With water comes life, beauty, sustainability, and responsibility. The most widely used irrigation methods are the five that this blog will cover. Mother nature provides the oldest way of watering, rainfall. Rain can be erratic from heavy downpours to sparse amounts. It needs to be controlled. The absence of regular rainfall throughout history has created conditions that have threatened farmers crops and even civilization's survival. There is very little we can do to control rain as it varies from year to year, season to season, and week to week. The need for water storage and irrigation ingenuity becomes necessary. Here are five techniques that have been developed to give all of us a chance to manage and benefit from this most precious commodity, water.
Furrow irrigation is used for row crops where the raised part of the row called the ridge are where the crops are planted. The lower row or furrow is where the water flows. The roots of the plants naturally grow down to the moist soil near where the water flows. Water is fed to the field from a large pipe or a ditch at the beginning or head of the furrows. Water is often pumped out of a nearby lake, pond, stream, or river. The furrows can be as deep as 12 inches or as shallow as a few inches. When a pipe is used as the header (top of the row) to feed water to the furrows, a “T" pipe fitting is used at the beginning of each row with a short length of pipe attached to it to direct the water down the furrow. This method of irrigation is used where there is an unlimited supply of water and the terrain is relatively flat.
Sprinkler irrigation generally used on farms where the water supply is plentiful, where the soil has the ability to hold water, and where the ground undulates or is not level. The downside of these high pressure sprinklers or guns is the high rate of evaporation in arid areas or during times of extremely hot or windy weather. To obtain 100% uniform coverage sprinklers must be set up so the result is 100% spray overlap because the area next to the sprinkler often gets little or less water than the areas away from the sprinkler head.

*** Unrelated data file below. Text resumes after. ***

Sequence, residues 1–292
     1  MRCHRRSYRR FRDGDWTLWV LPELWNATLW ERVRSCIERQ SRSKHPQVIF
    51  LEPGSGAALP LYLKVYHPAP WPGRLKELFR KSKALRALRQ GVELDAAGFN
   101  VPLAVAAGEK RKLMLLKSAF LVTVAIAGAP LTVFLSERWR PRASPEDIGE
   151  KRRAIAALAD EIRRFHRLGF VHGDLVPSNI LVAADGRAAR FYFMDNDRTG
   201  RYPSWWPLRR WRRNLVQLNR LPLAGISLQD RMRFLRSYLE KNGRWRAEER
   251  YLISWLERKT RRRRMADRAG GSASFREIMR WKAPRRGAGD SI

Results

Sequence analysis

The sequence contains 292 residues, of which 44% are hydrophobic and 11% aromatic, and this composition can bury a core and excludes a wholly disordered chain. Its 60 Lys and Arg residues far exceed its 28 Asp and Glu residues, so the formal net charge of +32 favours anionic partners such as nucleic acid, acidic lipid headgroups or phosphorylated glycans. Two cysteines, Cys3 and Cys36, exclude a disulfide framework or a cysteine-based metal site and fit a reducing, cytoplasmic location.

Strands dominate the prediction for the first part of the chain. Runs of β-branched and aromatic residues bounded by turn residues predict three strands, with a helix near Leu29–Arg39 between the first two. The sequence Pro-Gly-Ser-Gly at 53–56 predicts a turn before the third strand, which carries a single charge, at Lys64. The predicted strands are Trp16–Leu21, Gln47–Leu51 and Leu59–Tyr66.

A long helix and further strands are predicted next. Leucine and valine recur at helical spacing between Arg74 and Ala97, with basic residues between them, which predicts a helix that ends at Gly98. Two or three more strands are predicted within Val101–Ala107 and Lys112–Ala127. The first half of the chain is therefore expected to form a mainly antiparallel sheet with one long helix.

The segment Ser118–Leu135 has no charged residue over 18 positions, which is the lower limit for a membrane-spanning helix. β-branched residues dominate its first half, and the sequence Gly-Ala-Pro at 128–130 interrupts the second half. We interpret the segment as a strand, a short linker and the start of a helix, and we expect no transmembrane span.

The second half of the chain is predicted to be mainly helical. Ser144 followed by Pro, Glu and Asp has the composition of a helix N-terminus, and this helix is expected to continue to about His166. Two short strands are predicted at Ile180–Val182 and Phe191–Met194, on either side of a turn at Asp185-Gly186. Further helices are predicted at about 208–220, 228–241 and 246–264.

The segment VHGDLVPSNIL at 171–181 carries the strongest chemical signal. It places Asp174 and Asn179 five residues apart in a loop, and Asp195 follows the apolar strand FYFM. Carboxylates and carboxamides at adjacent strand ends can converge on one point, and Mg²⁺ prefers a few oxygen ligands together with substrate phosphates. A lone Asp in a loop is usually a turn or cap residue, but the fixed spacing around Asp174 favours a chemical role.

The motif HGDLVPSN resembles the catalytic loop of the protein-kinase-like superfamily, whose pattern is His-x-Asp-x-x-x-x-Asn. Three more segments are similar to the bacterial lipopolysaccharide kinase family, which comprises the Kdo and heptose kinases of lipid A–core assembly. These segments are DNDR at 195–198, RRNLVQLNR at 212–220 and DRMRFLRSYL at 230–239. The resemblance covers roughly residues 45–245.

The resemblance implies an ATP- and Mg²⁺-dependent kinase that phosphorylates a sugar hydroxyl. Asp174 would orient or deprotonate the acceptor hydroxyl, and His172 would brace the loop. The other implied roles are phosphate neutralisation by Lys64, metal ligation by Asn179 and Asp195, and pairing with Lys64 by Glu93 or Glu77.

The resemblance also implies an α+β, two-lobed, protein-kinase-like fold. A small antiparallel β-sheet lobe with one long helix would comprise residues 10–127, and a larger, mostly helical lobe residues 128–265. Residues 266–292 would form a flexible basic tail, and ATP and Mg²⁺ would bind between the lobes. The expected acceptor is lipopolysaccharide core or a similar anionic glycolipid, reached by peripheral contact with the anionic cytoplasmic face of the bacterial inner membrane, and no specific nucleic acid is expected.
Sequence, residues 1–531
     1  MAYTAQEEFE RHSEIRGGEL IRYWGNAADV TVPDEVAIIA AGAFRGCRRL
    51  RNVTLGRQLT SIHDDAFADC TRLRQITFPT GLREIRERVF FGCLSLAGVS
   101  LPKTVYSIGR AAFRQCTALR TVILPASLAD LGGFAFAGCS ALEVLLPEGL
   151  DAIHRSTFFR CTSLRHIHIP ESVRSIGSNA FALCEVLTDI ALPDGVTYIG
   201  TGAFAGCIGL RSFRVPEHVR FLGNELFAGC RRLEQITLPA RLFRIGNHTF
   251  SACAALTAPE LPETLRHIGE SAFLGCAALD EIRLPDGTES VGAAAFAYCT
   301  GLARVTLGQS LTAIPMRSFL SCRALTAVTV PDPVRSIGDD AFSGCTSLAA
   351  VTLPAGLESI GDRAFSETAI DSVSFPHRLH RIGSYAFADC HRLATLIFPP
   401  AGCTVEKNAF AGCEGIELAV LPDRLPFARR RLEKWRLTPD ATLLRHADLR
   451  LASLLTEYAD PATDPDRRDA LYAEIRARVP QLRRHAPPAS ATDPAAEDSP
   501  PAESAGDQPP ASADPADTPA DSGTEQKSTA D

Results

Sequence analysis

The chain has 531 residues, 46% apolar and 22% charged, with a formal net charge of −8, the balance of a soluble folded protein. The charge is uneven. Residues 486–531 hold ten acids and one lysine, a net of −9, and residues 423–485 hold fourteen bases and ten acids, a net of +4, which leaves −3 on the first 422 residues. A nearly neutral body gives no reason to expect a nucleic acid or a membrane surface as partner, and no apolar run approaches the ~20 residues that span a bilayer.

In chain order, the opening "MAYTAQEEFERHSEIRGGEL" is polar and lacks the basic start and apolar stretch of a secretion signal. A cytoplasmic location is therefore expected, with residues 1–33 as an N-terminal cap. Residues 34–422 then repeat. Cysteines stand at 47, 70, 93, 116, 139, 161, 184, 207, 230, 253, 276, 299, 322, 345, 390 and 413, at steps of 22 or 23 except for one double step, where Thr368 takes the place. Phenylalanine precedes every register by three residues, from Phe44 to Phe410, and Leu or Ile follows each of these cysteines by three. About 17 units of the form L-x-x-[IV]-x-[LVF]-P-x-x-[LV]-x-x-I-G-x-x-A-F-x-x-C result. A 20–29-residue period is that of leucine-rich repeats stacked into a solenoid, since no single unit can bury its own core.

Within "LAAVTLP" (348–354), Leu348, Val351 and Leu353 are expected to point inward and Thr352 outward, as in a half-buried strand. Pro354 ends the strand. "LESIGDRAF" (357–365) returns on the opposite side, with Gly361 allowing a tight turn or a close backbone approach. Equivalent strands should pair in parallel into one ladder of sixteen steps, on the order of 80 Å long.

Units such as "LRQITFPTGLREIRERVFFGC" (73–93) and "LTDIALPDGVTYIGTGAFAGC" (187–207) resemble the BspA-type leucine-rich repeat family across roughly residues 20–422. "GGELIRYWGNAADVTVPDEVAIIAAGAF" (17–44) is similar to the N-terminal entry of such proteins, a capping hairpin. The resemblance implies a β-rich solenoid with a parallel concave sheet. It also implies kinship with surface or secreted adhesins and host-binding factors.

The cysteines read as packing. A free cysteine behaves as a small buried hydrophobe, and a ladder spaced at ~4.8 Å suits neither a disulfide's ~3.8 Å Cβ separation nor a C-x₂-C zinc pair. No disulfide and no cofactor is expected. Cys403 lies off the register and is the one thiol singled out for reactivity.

Subsurface irrigation is similar to drip irrigation in that the water flows through poly tubing 6"-12" under the soil surface with factory installed emitters that are inside the tubing. Here we are talking about using subsurface irrigation for lawns. The tubing has emitters (usually with an herbicide embedded in the emitters) that are evenly spaced at intervals usually 12" apart. If the soil is sandy, you may want the emitters spaced more closely. The water is kept on long enough so that the soil gets evenly saturated. Less evaporation, less weeds, and being not subjected to windy weather are three advantages of subsurface irrigation. On large farms the water is pumped into ditches that are up to 100 feet apart. The water then seeps into the ground thus maintaining the height of the water table and allowing the crops roots to reach the moisture. The western arid farming regions of Utah, Colorado, Idaho, and California use sub irrigation on areas of large acreage.
Drip irrigation has been around for thousands of years from its primitive days in the Middle East and China to modern times when the micro irrigation industry was born. The goal of drip is to deliver water directly to the root zone and minimize evaporation. Water is distributed thru a series if tubing and emitters or sprayers. In ancient China during the first century BCE the use of unglazed pots called Ullas were filled with water and the water would soak thru the pot slowly to irrigated for a week or more. The use of plastic emitters was developed in Israel by Simca Blass in 1959 and became the now worldwide irrigation company called Netafim. These days Drip tape has become the most widely used drip irrigation product for acreage of row crops on farms. Drip irrigation is also used in commercial greenhouses, and residential gardens. Most drip irrigation systems employ some type of filter to prevent clogging of the small emitter flow path. Liquid fertilizers can be run through a drip system when using a fertilizer injector. This method of irrigating and fertilizing is called fertigation. If managed correctly, water application efficiency in a drip system should be high. Weed growth, soil erosion, and labor costs are lessened and fields with irregular shapes are easily accommodated. For home gardeners drip irrigation allows the gardener to use a battery timer and a precise schedule of the amount of time a garden gets watered and the days it will get watered. It will free the homeowner to leave for the weekend or longer while the drip system is on automatic. For a compendium of information, instruction, videos, examples of system layouts, and pre-assembled kits of all sizes go to www.dripworks.com.